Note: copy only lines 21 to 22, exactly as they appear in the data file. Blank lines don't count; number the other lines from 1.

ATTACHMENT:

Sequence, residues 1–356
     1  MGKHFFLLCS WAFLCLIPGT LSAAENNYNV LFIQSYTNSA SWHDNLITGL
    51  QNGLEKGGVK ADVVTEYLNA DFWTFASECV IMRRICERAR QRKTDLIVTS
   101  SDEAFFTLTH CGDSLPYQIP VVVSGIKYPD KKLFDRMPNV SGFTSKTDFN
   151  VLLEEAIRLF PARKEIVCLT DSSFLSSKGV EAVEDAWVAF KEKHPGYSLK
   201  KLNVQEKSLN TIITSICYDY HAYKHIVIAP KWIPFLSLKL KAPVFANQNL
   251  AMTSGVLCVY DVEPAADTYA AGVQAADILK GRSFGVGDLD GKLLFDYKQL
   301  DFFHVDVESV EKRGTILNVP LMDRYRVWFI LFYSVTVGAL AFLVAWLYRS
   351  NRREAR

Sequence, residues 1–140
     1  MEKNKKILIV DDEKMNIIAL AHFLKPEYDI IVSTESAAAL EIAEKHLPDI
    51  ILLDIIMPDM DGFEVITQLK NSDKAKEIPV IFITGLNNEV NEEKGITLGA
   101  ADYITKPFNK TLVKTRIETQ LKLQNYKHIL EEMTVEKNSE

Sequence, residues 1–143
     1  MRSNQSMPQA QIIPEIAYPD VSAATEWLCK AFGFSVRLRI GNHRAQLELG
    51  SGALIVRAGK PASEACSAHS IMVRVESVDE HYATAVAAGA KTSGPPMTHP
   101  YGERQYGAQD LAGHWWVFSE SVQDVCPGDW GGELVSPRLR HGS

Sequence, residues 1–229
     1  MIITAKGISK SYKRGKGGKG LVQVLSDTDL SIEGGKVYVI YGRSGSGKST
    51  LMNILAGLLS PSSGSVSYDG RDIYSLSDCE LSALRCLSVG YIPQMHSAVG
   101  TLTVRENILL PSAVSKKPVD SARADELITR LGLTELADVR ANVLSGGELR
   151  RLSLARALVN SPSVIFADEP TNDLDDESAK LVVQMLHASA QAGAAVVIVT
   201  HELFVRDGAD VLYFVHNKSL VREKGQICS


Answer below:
   101  TLTVRENILL PSAVSKKPVD SARADELITR LGLTELADVR ANVLSGGELR
   151  RLSLARALVN SPSVIFADEP TNDLDDESAK LVVQMLHASA QAGAAVVIVT